Historical Views of the Rockaways
The great storm of 1914 took a great toll on all the beachfront facilities that Far Rockaway and Rockaway Beach had to offer. From Far Rockaway to the point of the peninsula, wreckage covered the beach, except for the whole buildings washed out to sea. Among them was the Arverne Pier Theatre and platform at Beach 67 Street … only five pilings were left at the site on the beach side of the boardwalk. The iron pier out into the surf at Seaside was pummeled by the high and powerful waves, and had many feet torn off its end, and pavilions went with it. The Arverne boardwalk had sections a few blocks long ripped out, the longest at 200 plus feet at Beach 63 Street. Concession buildings on the beachside of the Holland boardwalk were left hanging precariously, and the two blocks at the east end were carried away …and some spots and places were not touched at all! But storms do appear to be selective – as we know from the oh-so strange stories we hear in a storm’s aftermath!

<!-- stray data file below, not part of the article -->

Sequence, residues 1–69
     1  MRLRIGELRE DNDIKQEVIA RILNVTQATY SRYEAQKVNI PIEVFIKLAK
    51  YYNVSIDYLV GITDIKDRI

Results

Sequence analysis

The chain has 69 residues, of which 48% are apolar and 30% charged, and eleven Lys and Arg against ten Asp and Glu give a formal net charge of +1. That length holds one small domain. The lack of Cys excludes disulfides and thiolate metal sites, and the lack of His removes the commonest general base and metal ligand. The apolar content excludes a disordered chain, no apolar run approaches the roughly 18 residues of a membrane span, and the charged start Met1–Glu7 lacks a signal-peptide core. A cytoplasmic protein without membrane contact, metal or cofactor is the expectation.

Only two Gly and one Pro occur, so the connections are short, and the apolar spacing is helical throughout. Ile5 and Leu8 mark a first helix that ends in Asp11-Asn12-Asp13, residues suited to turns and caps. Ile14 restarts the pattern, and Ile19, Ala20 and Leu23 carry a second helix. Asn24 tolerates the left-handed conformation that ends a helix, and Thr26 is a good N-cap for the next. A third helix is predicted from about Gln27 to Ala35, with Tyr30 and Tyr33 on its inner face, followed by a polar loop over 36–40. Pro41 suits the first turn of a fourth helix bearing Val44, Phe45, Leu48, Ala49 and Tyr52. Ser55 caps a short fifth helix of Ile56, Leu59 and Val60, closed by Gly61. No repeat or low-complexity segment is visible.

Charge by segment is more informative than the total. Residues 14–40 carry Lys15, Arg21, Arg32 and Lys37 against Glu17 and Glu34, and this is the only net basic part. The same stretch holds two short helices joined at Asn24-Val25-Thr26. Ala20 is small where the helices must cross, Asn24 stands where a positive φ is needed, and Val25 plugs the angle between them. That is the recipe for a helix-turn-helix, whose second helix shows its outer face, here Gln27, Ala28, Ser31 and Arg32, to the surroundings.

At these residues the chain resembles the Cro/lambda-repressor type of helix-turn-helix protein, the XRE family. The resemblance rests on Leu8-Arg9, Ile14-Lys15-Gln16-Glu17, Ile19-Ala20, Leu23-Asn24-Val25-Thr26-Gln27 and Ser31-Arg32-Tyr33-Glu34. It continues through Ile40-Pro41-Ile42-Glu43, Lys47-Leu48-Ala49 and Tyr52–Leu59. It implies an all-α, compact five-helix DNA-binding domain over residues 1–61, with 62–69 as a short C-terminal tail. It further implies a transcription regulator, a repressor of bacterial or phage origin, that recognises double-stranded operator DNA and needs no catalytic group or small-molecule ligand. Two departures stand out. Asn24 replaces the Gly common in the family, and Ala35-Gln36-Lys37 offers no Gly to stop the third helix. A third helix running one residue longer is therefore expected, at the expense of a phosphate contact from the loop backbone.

Certain sections of the beach were washed away, and others added to, and this made problems for swimmers in the water. At one moment you could be on an offshore bar, and then it disappeared under your feet. If you were not a good swimmer, you were #$&%!) ( ‘!
Today’s historical view was taken on the beach at the west end of the Seaside section in the summer after the storm. The iron pier at Beach 105 Street is under repair by a work barge, and much sand has been washed out from under the west end hotel pavilion, leaving a rather steep berm on the shrunken beach threat. The safety bathing lines seen at lower right lead back to the anchoring poles at the center of the picture. There are very few bathers in the water. You can understand why, right?
I ask you now, wouldn’t you like to have a beach pavilion, such as shown in this picture, on the beach today? Let’s hear from you on this! Aey!